A cop from that town recognized him in a local bar, I read, wearing the organization's jacket. The cop called the police department of the other town, asked the dispatcher whether he knew him. Dispatcher said, sure, he was the president of his son's baseball organization.
I've run into the guy a couple of times since, conversed both times, and he has seemed, just as he had back then, just like a regular Joe. That's not his name, by the way. I thought about typing it here, about outing him again here, but that would be vindictive, I think, unnecessary. His one son has grown up. He's not involved in kids sports anymore. For all I know, he's received appropriate help, and all that.
So why bring it up? Because the people of State College are being put on trial, it seems to me, about the whole sordid Jerry Sandusky affair. By people who, like me and those parents, could find out tomorrow that they've been just as negligent as they believe residents, high school coaches and administrators have been in Happy Valley.
They don't wear signs, these people. They don't climb out of coffins or have bolts in their necks. They are your neighbor, your friend, and, yes, your parish priest. They do good deeds. They seem really, really normal, or at least some of them do.
This is, in no way, a defense of how Sandusky was handled by his Penn State peers. Joe Paterno got what he deserved, Penn State president Graham Spanier, too. If this costs them recruits and alumni money, it still seems too small a price to pay for enabling this creep the way they did. I do feel a tad for the Penn State assistant Mike McQueary, though. A graduate assistant in 2002, he reported an alleged shower rape by Sandusky, and is now saying he stopped it and went to the campus police about it, as well as to Paterno.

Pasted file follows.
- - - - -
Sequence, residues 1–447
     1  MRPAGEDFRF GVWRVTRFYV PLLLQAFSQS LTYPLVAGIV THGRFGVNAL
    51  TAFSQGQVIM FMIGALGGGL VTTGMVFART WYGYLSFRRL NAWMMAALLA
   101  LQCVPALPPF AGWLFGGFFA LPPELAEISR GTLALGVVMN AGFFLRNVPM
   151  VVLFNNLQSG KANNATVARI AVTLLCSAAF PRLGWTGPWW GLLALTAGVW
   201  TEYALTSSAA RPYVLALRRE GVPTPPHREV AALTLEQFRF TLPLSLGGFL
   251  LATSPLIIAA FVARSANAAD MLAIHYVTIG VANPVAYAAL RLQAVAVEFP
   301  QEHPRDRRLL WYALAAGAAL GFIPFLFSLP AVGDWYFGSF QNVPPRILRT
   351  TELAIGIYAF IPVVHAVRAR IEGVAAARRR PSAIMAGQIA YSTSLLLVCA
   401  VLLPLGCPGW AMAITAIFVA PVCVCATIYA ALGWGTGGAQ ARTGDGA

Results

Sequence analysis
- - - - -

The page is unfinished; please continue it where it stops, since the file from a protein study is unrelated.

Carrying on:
Doesn't make him a hero. But he's no monster, either.
There was another guy I knew once, a happy, seemingly harmless heavy-set reporter I worked with at another newspaper decades ago. He was single, lived with his mom, and spoke with a bit of an affected voice, which, stereotypes being what they were in the '80s, would have suggested something far different from what he went to prison for.
A sting, with a female cop posing as a 13-year-old, nabbed him. At the time, he was the president of a local high school field hockey club.
I was shocked then, too.
One last thing: That guy at the top of this column? I first ran into him when our kids were in fifth grade. His kid was the best player on my YMCA team. He remained in the background and rarely called things out, but it was clear he knew way more basketball than I did. I asked him to help. Reluctantly, as I recall, he did, just a little at first. But the next year, he helped more, ran practices a lot. And I, the coach of record, was grateful.
Years later, when his story broke, I realized I first met him within a few months of his prison release. He was sitting in the background, keeping a low profile. I prodded him to do more.
In my defense, I saw no bolts, no coffin, no hair growing from his knuckles. He looked as normal as anybody else in the gym, and he knew his hoops. So before you hammer the good people of State College for allowing Sandusky to roam among them for decades undetected, better make sure that friendly neighbor you know so little about isn't hiding any skeletons in his figurative closet.
Send email to firstname.lastname@example.org.
For recent columns, go to www.philly.com/SamDonnellon.